This is how educating kids with disability must change

By Marius Smith

Today we are launching our findings from an exhaustive investigation into the education of children with disability in Victoria’s mainstream government schools.

How we are failing children with disability

Based on almost 100 interviews with parents, former students, school staff and others, as well as a detailed review of relevant laws and policies, many of our findings are disturbing: children are being turned away or discouraged from enrolling, they’re not receiving the support they need to participate fully in their education, and they’re being socially isolated. At the same time, the guidance and training provided to teachers and support staff is also inadequate. You can read a summary of many of these problems in today’s Age.

The obstacle to effective reform

In addition to these findings, we also identified one factor that’s hampering reform. The Victorian Government has taken positive steps in recent years to improve educational outcomes for students with disability. However, successive governments’ policies of devolving responsibility to schools is preventing proper implementation of those steps. Schools are entrusted to assess their own progress, and face few consequences for failing to meet their legal and policy obligations.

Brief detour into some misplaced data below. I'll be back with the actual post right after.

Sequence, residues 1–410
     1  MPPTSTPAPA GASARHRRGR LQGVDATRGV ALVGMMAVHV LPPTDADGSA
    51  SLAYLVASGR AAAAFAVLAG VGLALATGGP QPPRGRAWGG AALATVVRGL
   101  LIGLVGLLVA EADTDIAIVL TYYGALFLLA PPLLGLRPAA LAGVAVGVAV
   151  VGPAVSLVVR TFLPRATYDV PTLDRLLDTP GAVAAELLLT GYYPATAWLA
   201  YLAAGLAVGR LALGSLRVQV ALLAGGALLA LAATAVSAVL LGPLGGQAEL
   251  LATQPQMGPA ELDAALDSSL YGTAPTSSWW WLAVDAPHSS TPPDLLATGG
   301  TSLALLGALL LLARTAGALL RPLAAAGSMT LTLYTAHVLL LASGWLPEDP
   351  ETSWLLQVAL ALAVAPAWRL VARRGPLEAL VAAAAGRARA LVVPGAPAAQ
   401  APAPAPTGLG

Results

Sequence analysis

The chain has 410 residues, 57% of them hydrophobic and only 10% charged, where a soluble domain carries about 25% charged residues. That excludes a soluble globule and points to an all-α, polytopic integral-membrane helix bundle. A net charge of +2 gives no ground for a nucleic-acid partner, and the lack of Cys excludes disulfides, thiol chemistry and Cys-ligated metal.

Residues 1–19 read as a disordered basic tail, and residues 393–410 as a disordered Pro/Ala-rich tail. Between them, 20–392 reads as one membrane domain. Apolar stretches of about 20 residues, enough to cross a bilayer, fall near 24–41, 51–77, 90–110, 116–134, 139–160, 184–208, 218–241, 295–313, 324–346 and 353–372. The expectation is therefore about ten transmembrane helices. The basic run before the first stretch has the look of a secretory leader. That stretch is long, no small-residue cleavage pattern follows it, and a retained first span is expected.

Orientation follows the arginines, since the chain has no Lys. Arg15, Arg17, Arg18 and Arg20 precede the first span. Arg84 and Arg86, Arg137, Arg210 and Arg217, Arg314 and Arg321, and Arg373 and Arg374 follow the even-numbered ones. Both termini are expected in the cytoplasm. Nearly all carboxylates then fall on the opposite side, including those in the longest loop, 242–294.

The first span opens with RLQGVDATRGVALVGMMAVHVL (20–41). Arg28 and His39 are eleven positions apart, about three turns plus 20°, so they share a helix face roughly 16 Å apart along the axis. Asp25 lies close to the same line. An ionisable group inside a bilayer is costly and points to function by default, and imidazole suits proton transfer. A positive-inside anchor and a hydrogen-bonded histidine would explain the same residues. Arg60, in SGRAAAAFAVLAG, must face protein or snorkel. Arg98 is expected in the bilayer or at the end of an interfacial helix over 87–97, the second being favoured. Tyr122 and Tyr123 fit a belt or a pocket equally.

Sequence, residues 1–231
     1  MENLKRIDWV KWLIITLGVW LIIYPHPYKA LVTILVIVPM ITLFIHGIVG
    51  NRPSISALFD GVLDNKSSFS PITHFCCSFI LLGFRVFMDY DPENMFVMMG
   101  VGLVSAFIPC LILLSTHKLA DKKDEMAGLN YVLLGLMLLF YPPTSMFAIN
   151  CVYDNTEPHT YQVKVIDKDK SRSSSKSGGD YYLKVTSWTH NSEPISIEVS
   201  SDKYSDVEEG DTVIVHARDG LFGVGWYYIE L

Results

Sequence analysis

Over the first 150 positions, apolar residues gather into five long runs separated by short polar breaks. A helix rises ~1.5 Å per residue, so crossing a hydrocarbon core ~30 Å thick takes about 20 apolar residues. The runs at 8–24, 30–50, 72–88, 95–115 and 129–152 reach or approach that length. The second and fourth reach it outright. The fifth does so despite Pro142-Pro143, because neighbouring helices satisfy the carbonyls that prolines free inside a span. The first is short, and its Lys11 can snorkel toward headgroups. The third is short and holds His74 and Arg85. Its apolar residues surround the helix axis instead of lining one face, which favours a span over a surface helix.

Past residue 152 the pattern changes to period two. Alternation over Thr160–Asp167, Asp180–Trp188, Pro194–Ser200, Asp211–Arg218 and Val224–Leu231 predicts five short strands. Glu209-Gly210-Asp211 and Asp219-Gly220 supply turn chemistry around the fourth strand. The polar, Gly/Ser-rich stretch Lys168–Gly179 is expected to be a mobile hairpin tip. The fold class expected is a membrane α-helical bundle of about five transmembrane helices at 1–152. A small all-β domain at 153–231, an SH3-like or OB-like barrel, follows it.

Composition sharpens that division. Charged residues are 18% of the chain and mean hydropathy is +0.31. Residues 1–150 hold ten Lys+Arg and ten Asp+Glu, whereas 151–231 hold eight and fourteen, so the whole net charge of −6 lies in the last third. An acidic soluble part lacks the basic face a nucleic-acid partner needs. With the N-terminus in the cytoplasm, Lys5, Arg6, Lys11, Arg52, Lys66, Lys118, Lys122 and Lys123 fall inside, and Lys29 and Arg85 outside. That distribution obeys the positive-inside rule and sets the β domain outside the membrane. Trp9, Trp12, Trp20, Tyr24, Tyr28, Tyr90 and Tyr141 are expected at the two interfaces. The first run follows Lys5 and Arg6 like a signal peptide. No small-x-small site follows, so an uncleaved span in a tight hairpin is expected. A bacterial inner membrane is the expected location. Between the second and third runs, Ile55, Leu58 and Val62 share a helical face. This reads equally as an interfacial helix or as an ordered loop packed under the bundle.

The Department of Education and Training does not have comprehensive systems in place to make sure that all schools are doing the right thing by children with disability. It’s even unclear which Department policies schools must follow, and which are optional.

The result of this approach is thatparents of kids with disability can feel like getting a good education is a lottery: while some schools are doing a great job, others are manifestly failing their students with disability, without sufficient guidance, oversight or consequences.

This is a human rights issue

The current failings in our education system potentially breach children’s rights under Victorian and Commonwealth human rights and anti-discrimination laws. The legal obligation to protect and realise the rights of these children rests not only with schools, but also with the Department of Education and Training and the entire Government of Victoria. They must properly monitor the actions of schools, and hold to account those who are failing their most vulnerable students. That’s why we’ve made 36 recommendations in this report. The Government is currently considering them.

You can read the report here.

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